• immediate antiplatelet treatment


Early signs of infarctionLoss of insular ribbon

14.jpg

SW, day 1


Early signs of infarctionEffacement of sulci

SW, day 1


CT angiogram


Diffusion Perfusion CT


Other tests

  • FBC

  • U&E

  • INR

  • Glucose

  • ECG

  • Carotid Doppler


Thrombolysis


Why?


DH A New Ambition for StrokeA consultation document for a National Stroke strategy Dec 2008

If 10% of stroke patients in the UK were given thrombolysis, 1000 people less would be dead or dependent in one year.

http://www.dh.gov.uk/en/Publicationsandstatistics/Publications/PublicationsPolicyAndGuidance/DH_081062


NINDS trial of rt-PA for acute ischaemic stroke

  • 633 patients recruited

  • Rt-PA 0.9 mg/kg (10% bolus the rest over 1 h) given within 3 hrs of symptom onset

  • BP<185/110

  • Not on warfarin or heparin, platelets and coagulation normal

  • Blood glucose 2.7-22 mmol/L

  • No seizure at onset

    Quasi intensive care environment

    Aggressive BP control

    16,000 screened to recruit 633

    N Engl J Med 1995;333:1581-1587.


NINDS rt-PA trial 1995Improvements in dependency (modified Rankin Scale: mRS)

Mean Score 2.8 for rt-PA and 3.3 for control : difference 0.5 mRS points*

Number needed to treat to improve by 1 point is 2*

Number needed to treat to improve by 1 or more points is 3**

Number needed to treat to make one patient more independent =5*

Needs

No

help

Wheelchair

Dead

Normal

INDEPENDENT

DEPENDENT

* My own calculation bases on the original paper ** Saver. Arch Neurol, Jul 2004; 61: 1066 - 1070.


Eligibility

  • Age 80 or below

  • Previously fit and independent

  • Onset time known and less than 3 hours

  • CT excludes haemorrhage


Exclusions

  • Recent surgery, biopsies arterial cannulation

  • Increased bleeding risk

  • Past history of intracranial haemorrhage

  • Any CNS pathology other than current stroke

  • Any past stroke plus diabetes

  • Stroke within 3 months

  • Systolic blood pressure >185


Alteplase (rt-Pa)

  • 0.9 mg/kg body weight

  • 10% as bolus over 2 min

  • 90% as infusion over 1 hour

    No heparin for 24 hours


Post thrombolysis Care

  • Needs trained team / ASU

  • Neurological observations (NIHSS)

  • Blood pressure

  • Observation for complications

  • Scan at 24 h

  • Prevent recurrence

  • Early Doppler/ CTangio in recovered cases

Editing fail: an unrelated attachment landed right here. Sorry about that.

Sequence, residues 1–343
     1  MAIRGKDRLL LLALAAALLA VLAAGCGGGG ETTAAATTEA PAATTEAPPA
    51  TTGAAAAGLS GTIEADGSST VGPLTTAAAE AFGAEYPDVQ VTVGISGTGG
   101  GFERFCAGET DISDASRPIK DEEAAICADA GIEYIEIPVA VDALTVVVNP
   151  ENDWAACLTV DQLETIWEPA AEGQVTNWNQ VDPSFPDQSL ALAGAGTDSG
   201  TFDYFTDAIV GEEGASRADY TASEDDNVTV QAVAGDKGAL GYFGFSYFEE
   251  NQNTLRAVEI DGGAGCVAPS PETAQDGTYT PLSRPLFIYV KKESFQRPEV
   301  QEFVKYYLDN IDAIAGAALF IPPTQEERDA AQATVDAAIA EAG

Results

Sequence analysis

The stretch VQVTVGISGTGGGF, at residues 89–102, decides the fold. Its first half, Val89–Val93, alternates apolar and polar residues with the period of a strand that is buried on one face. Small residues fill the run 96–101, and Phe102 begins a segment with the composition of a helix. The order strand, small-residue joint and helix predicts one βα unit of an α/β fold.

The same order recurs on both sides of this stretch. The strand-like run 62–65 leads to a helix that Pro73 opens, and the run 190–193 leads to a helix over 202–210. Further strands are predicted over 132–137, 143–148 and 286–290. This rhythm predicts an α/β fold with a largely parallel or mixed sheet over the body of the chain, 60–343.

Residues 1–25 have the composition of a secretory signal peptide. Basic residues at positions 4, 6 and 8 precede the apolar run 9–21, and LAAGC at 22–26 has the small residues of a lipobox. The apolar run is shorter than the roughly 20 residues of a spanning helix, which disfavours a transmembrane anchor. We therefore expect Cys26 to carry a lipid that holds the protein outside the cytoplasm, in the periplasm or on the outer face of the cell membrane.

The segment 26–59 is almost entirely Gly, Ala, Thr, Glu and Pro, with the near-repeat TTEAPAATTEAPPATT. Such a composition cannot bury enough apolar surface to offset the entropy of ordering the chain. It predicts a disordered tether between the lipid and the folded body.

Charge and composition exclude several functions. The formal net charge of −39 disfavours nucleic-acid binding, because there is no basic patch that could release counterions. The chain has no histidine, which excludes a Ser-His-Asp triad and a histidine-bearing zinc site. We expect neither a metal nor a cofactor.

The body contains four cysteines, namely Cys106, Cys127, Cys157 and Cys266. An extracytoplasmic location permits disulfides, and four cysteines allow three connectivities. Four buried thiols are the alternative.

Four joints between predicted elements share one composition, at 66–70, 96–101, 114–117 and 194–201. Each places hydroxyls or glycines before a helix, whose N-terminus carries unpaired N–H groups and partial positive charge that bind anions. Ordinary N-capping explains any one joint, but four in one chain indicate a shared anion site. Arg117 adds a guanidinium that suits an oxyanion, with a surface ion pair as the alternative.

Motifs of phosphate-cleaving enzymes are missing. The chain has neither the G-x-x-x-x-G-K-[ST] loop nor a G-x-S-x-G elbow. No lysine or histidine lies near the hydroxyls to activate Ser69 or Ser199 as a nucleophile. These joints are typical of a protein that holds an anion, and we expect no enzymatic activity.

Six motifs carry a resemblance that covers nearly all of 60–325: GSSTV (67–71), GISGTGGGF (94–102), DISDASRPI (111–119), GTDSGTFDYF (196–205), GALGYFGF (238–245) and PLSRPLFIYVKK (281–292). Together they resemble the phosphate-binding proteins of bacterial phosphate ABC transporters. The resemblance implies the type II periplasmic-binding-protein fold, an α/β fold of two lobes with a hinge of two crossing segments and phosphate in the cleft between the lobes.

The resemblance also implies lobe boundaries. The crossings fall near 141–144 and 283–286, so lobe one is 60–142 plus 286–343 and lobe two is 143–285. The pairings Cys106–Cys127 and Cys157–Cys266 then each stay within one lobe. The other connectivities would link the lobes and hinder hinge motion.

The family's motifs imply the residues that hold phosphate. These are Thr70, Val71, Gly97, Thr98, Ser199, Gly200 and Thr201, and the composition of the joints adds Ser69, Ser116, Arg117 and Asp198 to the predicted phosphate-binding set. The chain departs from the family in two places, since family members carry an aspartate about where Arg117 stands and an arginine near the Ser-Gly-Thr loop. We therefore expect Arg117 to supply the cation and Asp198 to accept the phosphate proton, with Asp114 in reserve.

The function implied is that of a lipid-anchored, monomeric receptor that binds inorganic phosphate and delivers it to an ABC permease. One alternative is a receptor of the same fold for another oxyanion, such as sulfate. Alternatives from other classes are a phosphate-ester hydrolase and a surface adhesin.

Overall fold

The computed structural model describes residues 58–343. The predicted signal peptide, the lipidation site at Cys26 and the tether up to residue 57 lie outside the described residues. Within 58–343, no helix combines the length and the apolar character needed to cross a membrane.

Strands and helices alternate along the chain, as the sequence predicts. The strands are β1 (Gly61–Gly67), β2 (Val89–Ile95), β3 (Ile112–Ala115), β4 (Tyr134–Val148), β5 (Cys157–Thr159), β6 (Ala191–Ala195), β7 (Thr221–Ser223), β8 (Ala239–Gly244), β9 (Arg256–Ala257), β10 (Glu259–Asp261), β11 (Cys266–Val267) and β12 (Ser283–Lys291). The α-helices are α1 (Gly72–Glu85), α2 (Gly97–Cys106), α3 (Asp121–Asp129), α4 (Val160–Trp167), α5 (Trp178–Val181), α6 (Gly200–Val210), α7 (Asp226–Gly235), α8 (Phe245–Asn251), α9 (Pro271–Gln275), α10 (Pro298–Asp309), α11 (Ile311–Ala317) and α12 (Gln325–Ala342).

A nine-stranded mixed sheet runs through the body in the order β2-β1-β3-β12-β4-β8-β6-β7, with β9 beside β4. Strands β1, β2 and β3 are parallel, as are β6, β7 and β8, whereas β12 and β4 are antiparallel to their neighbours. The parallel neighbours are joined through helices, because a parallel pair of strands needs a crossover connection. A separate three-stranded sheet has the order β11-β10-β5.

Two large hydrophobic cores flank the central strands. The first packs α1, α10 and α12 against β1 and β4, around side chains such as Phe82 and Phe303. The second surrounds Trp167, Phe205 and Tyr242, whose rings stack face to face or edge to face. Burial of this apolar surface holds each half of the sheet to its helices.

The acute stroke pathwayHow can I make sure my patient will do well?


Most complications of stroke develop in the first 24 hours

Management in the first few hours has a major effect on outcome and LOS


Important factors for successful early stroke rehabilitation

  • Mobilise ASAP

    The probability of returning home decreases by 20% for each

    day the patient is not mobilized

  • Maintain normal haemodynamic and biochemical environment

  • Prevent complications

  • Keep patient and family informed


1. Transfer to ASU within 4 h or less of admission


2. Prevent Aspiration

  • Swallow screen on arrival on ASU

  • Sit up

  • Drowsy patients in recovery position

  • Antiememtics for haemorrhages and patients who feel sick

  • All members of staff have at least basic knowledge of the diagnosis and management of swallowing problems


3. Prevent hypotension and dehydration

  • IV saline

  • Sufficient fluids by mouth or ngt


4. Prevent pneumonia

Mobilization


Mouthcare

Dysphagic patients have impaired oral movements resulting in debris, pooled secretions and

tongue coating.


5. Prevent hospital acquired infectionsMRSA/ ESBL/ C.Difficile

Avoid catheters at all costs

Hand hygiene

Bed spacing

Appropriate antibiotics


6. Prevent starvation


7. Prevent stagnation and deterioration

  • Time does not cure strokes

  • Give at least 45 min of each therapy needed every day 7/7


7. Detect and treat problems early

  • 72 hour monitoring

  • Neurological scores (NIHSS/SSS)

  • Daily consultant ward rounds 7/7


  • Login